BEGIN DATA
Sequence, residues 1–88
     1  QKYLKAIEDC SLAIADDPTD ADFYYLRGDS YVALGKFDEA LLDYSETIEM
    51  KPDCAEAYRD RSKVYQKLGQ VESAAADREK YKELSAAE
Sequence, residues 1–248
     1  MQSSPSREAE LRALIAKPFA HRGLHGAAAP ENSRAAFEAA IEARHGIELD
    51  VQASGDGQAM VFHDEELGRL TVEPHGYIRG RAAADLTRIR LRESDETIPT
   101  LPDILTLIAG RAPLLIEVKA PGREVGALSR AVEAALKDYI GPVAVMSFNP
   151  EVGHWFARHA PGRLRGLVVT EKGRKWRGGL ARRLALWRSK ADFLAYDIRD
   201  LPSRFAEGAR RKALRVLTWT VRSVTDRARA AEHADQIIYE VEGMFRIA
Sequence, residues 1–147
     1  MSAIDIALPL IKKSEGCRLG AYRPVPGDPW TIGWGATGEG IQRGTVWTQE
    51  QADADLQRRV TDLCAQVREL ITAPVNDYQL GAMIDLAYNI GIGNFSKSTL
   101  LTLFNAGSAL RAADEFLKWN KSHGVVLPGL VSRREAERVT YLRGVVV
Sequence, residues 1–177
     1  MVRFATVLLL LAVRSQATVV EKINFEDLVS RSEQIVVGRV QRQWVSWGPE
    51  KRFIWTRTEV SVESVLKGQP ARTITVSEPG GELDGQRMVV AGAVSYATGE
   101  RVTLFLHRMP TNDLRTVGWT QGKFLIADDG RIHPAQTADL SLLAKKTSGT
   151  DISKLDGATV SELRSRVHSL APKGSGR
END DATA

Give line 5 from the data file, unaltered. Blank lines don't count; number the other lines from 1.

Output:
     1  MQSSPSREAE LRALIAKPFA HRGLHGAAAP ENSRAAFEAA IEARHGIELD